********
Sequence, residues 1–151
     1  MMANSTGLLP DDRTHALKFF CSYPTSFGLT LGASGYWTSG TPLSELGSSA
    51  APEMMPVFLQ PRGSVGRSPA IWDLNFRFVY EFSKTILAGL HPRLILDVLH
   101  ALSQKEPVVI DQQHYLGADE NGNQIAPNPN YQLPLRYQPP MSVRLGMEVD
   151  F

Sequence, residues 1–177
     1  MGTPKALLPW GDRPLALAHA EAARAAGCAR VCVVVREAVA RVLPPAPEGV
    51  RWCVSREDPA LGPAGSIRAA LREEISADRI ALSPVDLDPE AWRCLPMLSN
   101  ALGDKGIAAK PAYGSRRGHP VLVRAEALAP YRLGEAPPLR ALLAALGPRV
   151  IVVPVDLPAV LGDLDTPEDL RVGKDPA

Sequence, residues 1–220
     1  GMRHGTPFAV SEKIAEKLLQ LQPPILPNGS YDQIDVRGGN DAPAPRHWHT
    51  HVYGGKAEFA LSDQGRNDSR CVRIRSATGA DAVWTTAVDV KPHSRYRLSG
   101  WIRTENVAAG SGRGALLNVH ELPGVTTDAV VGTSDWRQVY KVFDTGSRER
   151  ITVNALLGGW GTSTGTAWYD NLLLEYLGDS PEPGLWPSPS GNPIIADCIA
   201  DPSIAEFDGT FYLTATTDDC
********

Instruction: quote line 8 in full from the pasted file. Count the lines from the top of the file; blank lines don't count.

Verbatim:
    51  RWCVSREDPA LGPAGSIRAA LREEISADRI ALSPVDLDPE AWRCLPMLSN